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Invasive Species Resources

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University of Georgia. BugwoodWiki.
Tennessee Department of Agriculture.
Thousand Cankers Disease (TCD) poses a serious problem to the health of the black walnut tree. Tennessee Department of Agriculture officials urge area residents and visitors to help prevent the spread of TCD:
  • Don't transport firewood, even within Tennessee.
  • Don't buy or move firewood from outside the state.
  • Watch for signs of infestation in your walnut trees.
If you suspect your walnut tree could be infected with TCD, refer to the TCD Symptoms Checklist to alert state plant and forestry officials, or call TDA's Consumer and Industry Services Division at 1-800-628-2631.
Tennessee Invasive Plant Council.
University of Georgia. Extension.

Arlington Department of Parks, Recreation, and Cultural Resources (Virginia).

South Carolina Department of Natural Resources. Saltwater Recreational Fishing License Program.
Virginia Department of Conservation and Recreation. Division of Natural Heritage.
Virginia Department of Conservation and Recreation.

Virginia Tech.

Virginia Tech researchers who helped identify the dangerous Giant Hogweed plants in Clarke County, Virginia, want residents to stay on the lookout for the plant with toxic sap that can cause severe burns — but also stressed that the weeds are believed to have been planted intentionally decades ago and haven’t spread in the years since. Anyone who suspects they have found Giant Hogweed should take photos, check online to compare the plant to giant hogweed photos, and then contact a Virginia Cooperative Extension agent.

Piedmont Environmental Council.
Wavyleaf basketgrass is a new exotic grass rapidly moving into forests and meadows in Virginia and Maryland. The Piedmont Environmental Council is part of a Task Force committed to stopping this plant before it forms a thick carpet on our forest floors, crowding out native plants. If you think you spot wavyleaf basketgrass, please report your sighting.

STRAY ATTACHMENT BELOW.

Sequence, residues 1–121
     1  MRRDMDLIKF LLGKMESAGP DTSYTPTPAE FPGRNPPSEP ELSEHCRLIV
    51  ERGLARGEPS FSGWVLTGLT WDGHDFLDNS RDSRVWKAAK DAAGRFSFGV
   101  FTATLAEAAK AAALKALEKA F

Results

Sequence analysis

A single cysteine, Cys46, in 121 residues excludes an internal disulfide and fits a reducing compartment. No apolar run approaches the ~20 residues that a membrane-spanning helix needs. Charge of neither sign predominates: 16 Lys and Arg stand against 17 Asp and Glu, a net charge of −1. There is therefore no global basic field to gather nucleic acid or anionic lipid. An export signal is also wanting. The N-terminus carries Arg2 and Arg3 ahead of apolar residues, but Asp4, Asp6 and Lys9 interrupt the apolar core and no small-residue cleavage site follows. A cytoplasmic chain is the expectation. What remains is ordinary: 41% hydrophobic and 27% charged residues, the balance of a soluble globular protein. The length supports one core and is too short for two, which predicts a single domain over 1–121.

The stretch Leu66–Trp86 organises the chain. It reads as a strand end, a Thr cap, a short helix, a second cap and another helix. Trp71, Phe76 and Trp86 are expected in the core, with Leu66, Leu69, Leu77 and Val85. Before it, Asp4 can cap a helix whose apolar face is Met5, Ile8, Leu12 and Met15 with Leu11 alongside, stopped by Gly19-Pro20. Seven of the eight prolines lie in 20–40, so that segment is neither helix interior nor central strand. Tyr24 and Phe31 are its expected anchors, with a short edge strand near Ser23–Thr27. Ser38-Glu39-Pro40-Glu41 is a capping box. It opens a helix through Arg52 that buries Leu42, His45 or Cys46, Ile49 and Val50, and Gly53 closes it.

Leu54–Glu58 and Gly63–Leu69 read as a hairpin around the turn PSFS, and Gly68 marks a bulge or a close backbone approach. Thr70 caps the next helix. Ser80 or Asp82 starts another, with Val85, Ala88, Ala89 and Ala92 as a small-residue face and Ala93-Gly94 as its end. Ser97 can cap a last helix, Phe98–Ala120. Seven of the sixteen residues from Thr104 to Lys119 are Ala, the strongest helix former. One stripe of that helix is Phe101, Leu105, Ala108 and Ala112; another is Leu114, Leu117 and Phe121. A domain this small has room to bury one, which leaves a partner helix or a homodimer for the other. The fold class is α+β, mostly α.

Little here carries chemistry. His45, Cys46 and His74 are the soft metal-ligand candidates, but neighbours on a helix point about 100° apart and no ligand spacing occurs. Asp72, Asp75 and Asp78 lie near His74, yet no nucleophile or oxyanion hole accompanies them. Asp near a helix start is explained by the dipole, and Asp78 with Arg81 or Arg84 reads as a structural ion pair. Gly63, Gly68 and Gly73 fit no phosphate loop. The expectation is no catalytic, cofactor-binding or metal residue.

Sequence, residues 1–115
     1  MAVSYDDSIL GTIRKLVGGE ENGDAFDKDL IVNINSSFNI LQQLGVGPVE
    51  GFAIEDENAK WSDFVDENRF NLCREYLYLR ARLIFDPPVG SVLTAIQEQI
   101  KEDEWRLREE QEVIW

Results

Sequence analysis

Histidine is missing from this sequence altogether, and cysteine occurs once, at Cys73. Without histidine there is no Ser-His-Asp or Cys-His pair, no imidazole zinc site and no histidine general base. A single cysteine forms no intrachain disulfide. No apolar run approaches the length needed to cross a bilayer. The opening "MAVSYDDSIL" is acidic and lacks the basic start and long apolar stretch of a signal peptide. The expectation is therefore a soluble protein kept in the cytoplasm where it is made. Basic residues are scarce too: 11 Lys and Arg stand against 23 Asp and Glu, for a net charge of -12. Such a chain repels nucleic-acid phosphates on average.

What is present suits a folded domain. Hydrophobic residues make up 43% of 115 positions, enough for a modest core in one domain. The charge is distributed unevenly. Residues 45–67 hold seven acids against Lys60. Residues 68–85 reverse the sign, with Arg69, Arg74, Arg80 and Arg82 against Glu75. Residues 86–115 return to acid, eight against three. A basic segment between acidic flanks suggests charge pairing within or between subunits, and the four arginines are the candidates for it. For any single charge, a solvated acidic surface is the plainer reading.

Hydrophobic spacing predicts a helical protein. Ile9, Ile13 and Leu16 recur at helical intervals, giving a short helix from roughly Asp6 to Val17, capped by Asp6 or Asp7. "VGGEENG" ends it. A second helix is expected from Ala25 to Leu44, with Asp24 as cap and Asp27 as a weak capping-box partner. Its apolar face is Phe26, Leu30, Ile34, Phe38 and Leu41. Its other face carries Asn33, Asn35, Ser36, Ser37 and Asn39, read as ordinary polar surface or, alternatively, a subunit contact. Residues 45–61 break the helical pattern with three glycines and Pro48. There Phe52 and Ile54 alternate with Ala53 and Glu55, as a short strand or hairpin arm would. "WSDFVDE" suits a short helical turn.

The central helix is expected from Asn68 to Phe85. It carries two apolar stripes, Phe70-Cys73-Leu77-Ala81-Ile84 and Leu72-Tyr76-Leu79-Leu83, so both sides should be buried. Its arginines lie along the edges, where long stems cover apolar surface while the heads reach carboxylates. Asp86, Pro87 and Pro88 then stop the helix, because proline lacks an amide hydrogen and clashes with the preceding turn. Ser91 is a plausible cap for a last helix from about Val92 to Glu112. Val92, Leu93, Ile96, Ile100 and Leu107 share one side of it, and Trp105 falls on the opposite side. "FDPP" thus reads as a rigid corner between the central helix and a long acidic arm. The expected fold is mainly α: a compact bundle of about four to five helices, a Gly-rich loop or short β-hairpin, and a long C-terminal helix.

Virginia Polytechnic Institute and State University.
Tennessee Bat Working Group.
White-nose Syndrome is a mysterious disease that is killing bats across the northeast United States. Many research projects are underway to help in the fight against WNS, from researching fungicides to modeling the spread and affects of the syndrome. If you would like to help there are many ways in which you can:
  • Report any unusual bat activity (bats flying in the daytime) or unexplained bat deaths to your regional TWRA office. Or check out the Report a Bat Link on this website.
  • Donate to a number of funds collecting money for WNS research (see National Speleological Society and Bat Conservation International pages below).
  • Adhere to state and federal cave closure advisories.
  • Encourage state and federal agencies to assist in WNS research and monitoring activities.
Virginia Department of Game and Inland Fisheries.
Georgia Invasive Species Task Force.
Georgia Department of Natural Resources.
Tennessee Wildlife Resources Agency.
Virginia Department of Game and Inland Fisheries.
Provides guidelines for hunters and individuals finding dead birds
Virginia Department of Game and Inland Fisheries.
Virginia Polytechnic Institute and State University. Virginia Forest Landowner Education Program.
See also: Publications - Exotic Invasives for more fact sheets